Sperm wash for IUI is actually a bad term because the sperm are not actually being washed or cleaned; they are just separated from the fluid. There are several methods for performing a sperm wash for intrauterine insemination. The medical literature does not clearly indicate that any method is better than any other.

It is therefore up to the personal preference of the physician performing the IUI. One question that I am asked a lot is about male sperm counts and their impact on IUI. IUI seems to work best with men who have normal sperm counts or counts that are mildly low. Guys who have very low sperm counts have a much lower chance of pregnancy with IUI.

At my fertility center, we recommend that those couples go directly to IVF. This brings up a very interesting question. If doing an IUI increases the number of sperm that reaches the fallopian tubes, and the number of sperm clearly matters for pregnancy, would it be better to do two IUIs than one? The answer to this question was provided by this study: Couples with infertility were split into two groups.

One group had a single IUI at the time of ovulation. The other group had two IUIs each month, one about a day before ovulation and the second one at the time of ovulation. Couples continued to do either single or double IUIs for each month, for up to four months. At the end of the study, there was no difference in the number of couples who became pregnant.

Multiple IUIs each month do not help!! What about resting after IUI? Does that help? This question was answered by a well-done study in the Netherlands. About 400 couples with infertility who were going to have treatment with IUI were split into two groups. In half the couples, women rested for 15 minutes after the IUI. The women in the other half of the group were allowed to get up right away and walk around.

Couples who didn't get pregnant right away could repeat the IUI for a few more months. The results were pretty astounding! Women who rested for 15 minutes after an IUI became pregnant more commonly than women who didn't. By the time couples had tried four IUIs, 27% of the resting group had become pregnant, versus 18% of the get-up-and-go group.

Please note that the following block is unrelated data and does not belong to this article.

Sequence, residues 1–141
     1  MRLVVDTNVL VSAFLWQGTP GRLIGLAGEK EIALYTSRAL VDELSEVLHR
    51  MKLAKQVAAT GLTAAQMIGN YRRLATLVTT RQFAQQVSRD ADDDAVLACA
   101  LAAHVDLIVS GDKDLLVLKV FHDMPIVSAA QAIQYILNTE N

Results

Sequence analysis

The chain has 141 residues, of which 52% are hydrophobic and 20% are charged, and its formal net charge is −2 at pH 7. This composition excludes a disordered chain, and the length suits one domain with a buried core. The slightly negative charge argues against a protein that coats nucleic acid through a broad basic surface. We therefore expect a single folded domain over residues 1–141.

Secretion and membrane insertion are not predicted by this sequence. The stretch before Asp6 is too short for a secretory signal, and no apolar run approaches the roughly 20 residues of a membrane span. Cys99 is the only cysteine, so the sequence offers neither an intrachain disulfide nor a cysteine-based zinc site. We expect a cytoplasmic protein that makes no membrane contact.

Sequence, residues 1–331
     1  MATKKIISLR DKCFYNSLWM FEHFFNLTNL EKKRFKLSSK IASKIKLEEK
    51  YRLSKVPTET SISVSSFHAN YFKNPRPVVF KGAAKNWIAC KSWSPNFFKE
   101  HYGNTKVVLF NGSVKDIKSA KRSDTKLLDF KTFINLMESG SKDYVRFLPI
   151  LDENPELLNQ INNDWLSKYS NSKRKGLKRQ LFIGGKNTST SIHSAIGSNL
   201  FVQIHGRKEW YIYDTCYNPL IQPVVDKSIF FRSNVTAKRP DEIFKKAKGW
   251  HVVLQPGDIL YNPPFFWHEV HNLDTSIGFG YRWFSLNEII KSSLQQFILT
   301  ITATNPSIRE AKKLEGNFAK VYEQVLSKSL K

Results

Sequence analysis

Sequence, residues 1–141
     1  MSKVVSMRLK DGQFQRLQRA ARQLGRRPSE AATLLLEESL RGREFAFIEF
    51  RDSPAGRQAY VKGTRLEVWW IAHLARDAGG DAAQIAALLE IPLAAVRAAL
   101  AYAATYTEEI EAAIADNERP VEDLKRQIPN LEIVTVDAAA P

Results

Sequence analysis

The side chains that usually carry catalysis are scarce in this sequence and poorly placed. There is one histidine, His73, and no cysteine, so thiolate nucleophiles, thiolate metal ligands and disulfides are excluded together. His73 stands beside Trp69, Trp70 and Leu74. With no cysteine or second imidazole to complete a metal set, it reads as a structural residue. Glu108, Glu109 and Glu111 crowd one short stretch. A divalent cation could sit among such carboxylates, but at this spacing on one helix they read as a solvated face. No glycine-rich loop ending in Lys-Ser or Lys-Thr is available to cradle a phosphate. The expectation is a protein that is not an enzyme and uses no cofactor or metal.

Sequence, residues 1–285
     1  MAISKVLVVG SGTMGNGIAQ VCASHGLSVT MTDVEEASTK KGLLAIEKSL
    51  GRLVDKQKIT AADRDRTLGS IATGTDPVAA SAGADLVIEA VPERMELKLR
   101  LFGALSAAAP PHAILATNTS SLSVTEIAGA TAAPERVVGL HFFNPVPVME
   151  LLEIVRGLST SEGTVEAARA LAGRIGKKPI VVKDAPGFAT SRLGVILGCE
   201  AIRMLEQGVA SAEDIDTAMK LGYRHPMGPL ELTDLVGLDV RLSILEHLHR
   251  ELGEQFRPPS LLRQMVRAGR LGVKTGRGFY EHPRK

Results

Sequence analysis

That's a 50% improvement in the success rate. Another question I get a lot is about men who have a lot of abnormal-appearing sperm. All men have some sperm that appear abnormal under the microscope. When a man has a high percentage of abnormal-appearing sperm, it is referred to as tyradospermia. Guys with tyradospermia seem to have more difficulty producing pregnancies than their partners. Several studies have looked at the impact of abnormal sperm and the success rate of IUI and found that on any given attempt, the chances for pregnancy are a little bit lower.

After four attempts with iui, the total number of couples who have achieved a pregnancy was about 20 lower when the men had lots of abnormal-appearing sperm. Does the use of fertility medication improve the success rate of iui? The answer here is a little more complicated. Some women benefit from using fertility medication, and some women don't. The group that does benefit from the use of fertility medication are couples who have unexplained infertility. The group that does not benefit are women who are using donor sperm because they either don't have a partner

have a female partner or who have a partner without any sperm, as this graph shows, even after several months, using fertility medication did not result in those women getting pregnant more quickly or more often. Our infertility TV bottom line is that this iui is a relatively easy, non-invasive, inexpensive fertility treatment for certain couples. It can speed up the time it takes to get pregnant compared to just having sex. By following the tips I set out in this video, you can maximize your chances for iui success. Hi, I'm Dr. Randy Morris. I give honest science-based tips that

I have helped people all over the world have their rainbow babies. If you want to improve your odds of success, hit that subscribe button right now. It's like having a fertility specialist on your phone.